American Morning

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July 10th, 2009
07:21 AM ET

The NAACP at 100: Much more work to do

[cnn-photo-caption image= http://i2.cdn.turner.com/cnn/2009/images/07/10/benjamin.jealous.art.jpg caption="Closing gaps in access to education is one of the goals the NAACP will continue to pursue in its next 100 years."]

By Benjamin Todd Jealous
Special to CNN

Editor's note: Benjamin Todd Jealous is president and CEO of the National Association for the Advancement of Colored People, which holds its 100th annual convention in New York from July 11-16.

(CNN) - As the National Association for the Advancement of Colored People prepares to celebrate its Centennial in New York, the city of its birth, I'm confident that we as a nation have turned an important corner on the long road toward racial and economic equality for all Americans.

Established in 1909 by a core group of black and white Americans, the NAACP's mission has been clarified and sharpened during our first 100 years. We have covered a lot of ground in the march to improve the lives of millions of Americans, but there remains much more work to be done.

The NAACP's legacy of accomplishment is rich, and cannot be dismissed or subjected to gainsaying in the wake of the election of President Obama.

Yes, we are energized and emboldened by the historic election of America's first black president. We were not surprised that Americans, at long last, voted to choose high-quality ideas, soaring spirit and bright vision over the racial, cultural and class distinctions that have so long divided us. The multi-ethnic coalition that coalesced around Obama is familiar to us, indeed.

Our members always have included whites, Asians, Latinos and Native Americans. Right now, our 1,200 branches span the breadth of this continent, and our members include white folks in southern Maine, Native Americans in Alabama, Americans of East Asian descent in the mid-Atlantic and the Northeast, and of course, black Americans throughout the country with ancestral links to the Caribbean, Central America, South America and Africa.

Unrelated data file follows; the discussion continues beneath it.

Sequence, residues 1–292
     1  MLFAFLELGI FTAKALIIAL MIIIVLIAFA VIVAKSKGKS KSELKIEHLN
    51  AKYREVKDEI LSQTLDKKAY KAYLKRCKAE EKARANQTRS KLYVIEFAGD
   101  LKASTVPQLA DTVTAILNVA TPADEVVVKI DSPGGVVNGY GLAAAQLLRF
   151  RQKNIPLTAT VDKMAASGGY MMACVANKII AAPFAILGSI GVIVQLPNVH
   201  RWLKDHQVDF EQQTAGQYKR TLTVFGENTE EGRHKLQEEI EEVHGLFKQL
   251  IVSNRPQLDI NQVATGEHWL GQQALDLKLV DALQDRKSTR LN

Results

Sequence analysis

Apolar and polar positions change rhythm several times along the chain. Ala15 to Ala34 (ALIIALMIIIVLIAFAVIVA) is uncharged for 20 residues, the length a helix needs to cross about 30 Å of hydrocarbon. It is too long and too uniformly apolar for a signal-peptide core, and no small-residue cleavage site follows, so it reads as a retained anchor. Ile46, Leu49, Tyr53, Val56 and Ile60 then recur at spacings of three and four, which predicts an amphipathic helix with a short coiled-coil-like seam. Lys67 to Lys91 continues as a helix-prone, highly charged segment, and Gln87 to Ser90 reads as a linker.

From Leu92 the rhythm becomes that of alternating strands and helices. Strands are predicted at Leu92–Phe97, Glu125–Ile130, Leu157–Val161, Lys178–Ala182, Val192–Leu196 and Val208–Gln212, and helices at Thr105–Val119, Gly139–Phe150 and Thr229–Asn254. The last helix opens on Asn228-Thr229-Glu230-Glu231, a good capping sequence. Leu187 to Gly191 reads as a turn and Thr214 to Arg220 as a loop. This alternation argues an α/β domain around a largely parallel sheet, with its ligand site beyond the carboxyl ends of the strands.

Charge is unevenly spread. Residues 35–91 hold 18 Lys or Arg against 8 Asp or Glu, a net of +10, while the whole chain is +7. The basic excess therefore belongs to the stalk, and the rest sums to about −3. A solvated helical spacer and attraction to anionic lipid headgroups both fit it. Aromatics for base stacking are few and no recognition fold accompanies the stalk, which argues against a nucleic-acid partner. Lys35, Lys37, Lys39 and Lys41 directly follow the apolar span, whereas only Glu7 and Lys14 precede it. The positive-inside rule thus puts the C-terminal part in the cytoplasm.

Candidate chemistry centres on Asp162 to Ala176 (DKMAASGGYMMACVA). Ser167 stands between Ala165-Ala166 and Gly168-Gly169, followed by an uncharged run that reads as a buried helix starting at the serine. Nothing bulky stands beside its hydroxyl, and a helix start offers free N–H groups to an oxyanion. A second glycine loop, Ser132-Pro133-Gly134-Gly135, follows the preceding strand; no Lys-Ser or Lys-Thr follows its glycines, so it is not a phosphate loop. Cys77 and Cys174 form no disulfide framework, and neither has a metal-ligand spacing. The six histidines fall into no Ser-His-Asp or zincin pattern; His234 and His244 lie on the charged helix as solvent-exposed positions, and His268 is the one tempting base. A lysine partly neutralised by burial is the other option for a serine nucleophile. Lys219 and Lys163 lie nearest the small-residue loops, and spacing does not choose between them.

We are a civil and human rights organization, by our founders' design. In our next century, our efforts will make the second part of that equation more evident.

Now, insistent questions have arisen about the relevancy of our mission: Haven't we entered a "post-racial" era in America, with the election of President Obama?

Keep reading this story »


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soundoff (6 Responses)
  1. Bernice

    I agree with you, Warren! Could you imagine if we had an all white college?? ...or .. Called Elvis ..one of "OUR" own, ??? It really should not matter what color that you are!! It is having programs out there like the NAACP that is the problem! The minority anymore is the white man, so it is high time that we have an organization to now help fight for our rights and losses of. That would be an organization that would be very helpful?? It could have helped with New Haven!! That is racism!! Racism is what is now being done to the white man! He is now the last in line to get that good job!!

    July 13, 2009 at 7:40 am |
  2. LIN

    NAACP – National Association for the Advancement of Colored People? How is it that an organization can be named this when Black America finds it insulting if referenced as 'colored people'? This baffles me!